Accepting the Call
When Keith Josef Adkins, a dear friend and colleague reached out to me about commissioning me for Facing Our Truth, I thought – Keith did it again! How did he beat me to the punch? I was absolutely going to reach out to him to brainstorm how we as artists can take action about the George Zimmerman verdict.
I remember the night I heard that he would not be convicted. I was on a family reunion trip with my husband. He was about to go out to spend our last night on the trip with his cousins at a bar. The news came and all I wanted to do was go home. I felt emotionally bankrupt. My husband tried to convince me to come out but I refused. I stayed in the bed and tried to make the nightmare go away. We are too expendable, I kept thinking as I fell asleep. Far too damn expendable.
As an artist, my power is my pen (figuratively). And yet, I didn’t know how to use it. The anger and the injustice made me mute. But luckily I am not an artist in a silo; I am a part of a village. And when fellow members of the village contemplate action, it becomes electric.
Keith told me the other writers he had approached. I was excited. We are very different in background, culture, aesthetic, and perspective. This was the best way to have an inter-community dialogue around the matters of race and privilege.
For me, ten minutes leaves nothing to do but scratch the surface, and yet ten minutes also makes a matter and story extremely urgent. We don’t have a lot of time, so we have to get right at the heart of the matter. I took inspiration from a moment my husband and I had of a similar nature in Brooklyn. Having been a victim of police harassment and racial profiling several times under NY’s Stop and Frisk laws, my husband is particularly hesitant to call the police on Black men. Especially at night when visibility is low and we cannot see clearly enough to identify suspects specifically. He knows what too many of us now know – lack of specificity means that all Black men become suspect.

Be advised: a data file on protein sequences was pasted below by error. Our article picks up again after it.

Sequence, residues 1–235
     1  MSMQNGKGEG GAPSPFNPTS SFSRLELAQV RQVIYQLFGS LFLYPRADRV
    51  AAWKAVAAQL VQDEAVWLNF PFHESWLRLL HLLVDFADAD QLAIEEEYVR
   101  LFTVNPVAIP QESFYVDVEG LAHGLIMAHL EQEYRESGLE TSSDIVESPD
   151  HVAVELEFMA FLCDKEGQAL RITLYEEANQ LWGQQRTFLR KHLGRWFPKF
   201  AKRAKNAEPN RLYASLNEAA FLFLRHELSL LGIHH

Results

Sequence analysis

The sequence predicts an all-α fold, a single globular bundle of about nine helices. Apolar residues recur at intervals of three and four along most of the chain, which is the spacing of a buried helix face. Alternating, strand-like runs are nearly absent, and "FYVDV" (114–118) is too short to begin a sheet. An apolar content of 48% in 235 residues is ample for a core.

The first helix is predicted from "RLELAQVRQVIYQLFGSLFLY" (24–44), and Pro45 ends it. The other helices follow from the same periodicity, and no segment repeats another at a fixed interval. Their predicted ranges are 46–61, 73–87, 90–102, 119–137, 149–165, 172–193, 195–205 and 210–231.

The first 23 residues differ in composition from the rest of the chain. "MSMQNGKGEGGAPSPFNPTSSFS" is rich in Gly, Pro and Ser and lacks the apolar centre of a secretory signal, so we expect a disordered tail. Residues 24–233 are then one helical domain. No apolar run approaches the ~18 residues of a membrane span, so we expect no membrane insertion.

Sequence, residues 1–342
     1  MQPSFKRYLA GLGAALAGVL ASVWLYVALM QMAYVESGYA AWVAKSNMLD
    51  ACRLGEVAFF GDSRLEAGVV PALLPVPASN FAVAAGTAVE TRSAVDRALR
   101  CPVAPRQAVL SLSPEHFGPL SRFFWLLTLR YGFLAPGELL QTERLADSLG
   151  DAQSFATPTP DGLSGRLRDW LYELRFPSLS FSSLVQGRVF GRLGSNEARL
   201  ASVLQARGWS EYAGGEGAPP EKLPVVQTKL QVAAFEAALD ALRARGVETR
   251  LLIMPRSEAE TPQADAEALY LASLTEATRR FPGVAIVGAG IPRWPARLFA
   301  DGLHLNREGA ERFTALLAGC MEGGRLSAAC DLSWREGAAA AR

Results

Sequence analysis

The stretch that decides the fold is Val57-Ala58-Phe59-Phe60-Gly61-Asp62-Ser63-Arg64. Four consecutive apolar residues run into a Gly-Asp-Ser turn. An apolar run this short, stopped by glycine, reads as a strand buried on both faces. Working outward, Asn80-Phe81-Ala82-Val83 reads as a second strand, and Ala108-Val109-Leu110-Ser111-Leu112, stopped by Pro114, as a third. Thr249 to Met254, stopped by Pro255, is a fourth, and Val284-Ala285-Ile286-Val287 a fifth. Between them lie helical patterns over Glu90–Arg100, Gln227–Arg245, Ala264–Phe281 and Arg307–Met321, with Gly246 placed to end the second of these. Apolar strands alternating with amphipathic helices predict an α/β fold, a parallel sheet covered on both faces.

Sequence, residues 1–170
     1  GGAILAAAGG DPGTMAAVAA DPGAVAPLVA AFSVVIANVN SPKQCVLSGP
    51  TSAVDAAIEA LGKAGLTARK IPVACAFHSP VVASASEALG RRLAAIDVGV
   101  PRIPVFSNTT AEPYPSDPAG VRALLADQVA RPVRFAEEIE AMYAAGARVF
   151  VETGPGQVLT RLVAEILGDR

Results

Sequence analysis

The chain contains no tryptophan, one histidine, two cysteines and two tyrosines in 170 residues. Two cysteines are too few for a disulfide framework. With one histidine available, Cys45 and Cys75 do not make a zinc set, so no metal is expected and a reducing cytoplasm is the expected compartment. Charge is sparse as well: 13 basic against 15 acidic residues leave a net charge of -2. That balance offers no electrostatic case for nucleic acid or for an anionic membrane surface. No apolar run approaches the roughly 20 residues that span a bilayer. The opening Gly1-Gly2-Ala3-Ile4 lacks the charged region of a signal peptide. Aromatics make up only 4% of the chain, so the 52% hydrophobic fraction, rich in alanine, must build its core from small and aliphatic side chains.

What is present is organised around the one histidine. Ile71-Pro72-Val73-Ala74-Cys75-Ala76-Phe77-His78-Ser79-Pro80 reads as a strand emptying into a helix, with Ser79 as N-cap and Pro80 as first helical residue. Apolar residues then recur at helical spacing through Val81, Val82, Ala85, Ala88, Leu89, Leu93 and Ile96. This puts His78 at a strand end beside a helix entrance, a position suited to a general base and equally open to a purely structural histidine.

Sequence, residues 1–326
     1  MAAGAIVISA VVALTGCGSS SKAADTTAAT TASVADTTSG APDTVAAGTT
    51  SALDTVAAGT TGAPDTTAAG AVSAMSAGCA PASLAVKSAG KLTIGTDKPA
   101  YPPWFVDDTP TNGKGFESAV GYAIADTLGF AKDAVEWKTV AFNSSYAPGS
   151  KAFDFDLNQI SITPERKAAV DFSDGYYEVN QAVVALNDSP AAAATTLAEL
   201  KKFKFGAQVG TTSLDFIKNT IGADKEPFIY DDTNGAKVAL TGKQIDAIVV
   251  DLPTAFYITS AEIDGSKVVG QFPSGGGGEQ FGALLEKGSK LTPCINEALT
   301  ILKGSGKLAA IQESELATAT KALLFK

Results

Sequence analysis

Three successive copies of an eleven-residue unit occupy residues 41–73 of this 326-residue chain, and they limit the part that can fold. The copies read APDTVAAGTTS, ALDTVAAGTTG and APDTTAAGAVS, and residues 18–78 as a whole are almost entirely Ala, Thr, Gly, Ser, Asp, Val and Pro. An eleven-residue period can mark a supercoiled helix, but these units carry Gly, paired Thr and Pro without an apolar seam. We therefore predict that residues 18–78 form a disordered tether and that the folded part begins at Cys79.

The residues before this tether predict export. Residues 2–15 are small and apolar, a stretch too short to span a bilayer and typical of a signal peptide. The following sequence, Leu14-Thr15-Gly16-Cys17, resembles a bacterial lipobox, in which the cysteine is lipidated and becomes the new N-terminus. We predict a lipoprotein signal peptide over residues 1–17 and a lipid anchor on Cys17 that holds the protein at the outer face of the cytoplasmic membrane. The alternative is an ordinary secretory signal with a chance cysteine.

I wanted to explore something different in my play. I knew that most of our audiences were likely to be more empathetic to Trayvon Martin than the jury was. So I wanted to explore my personal role as a Black woman in the narrative of Black men being endangered. Is it just through white privilege? Are only white people afraid of Black men? Does that mean only White police officers have been infected by these biases? Or have we ALL, as a society, been abused by negative imaging of Black men so consistently that we ALL are a part of their marginalization?
I don’t necessarily have the answers to these questions. Nonetheless, in my play Night Vision, I explore them from my purview because that is where I feel most impactful. Not in shaking a finger. Not in telling audiences how and what to think. But if I am truly going explore race and privilege, I cannot erase myself from the experience.
And so as a Black woman, this play was my first offering in a long line of action around these issues that have not only resulted in a powerful new Black liberation movement, but also in an international conversation around racism and brutality that continues to poison our collective humanity.
Facing our Truth was conceived and originally produced by the New Black Fest, with Artistic Director Keith Josef Adkins. The New Black Fest is for everyone and anyone who supports elevating and celebrating Black theatre around the world, in a fresh way. Click here to learn more.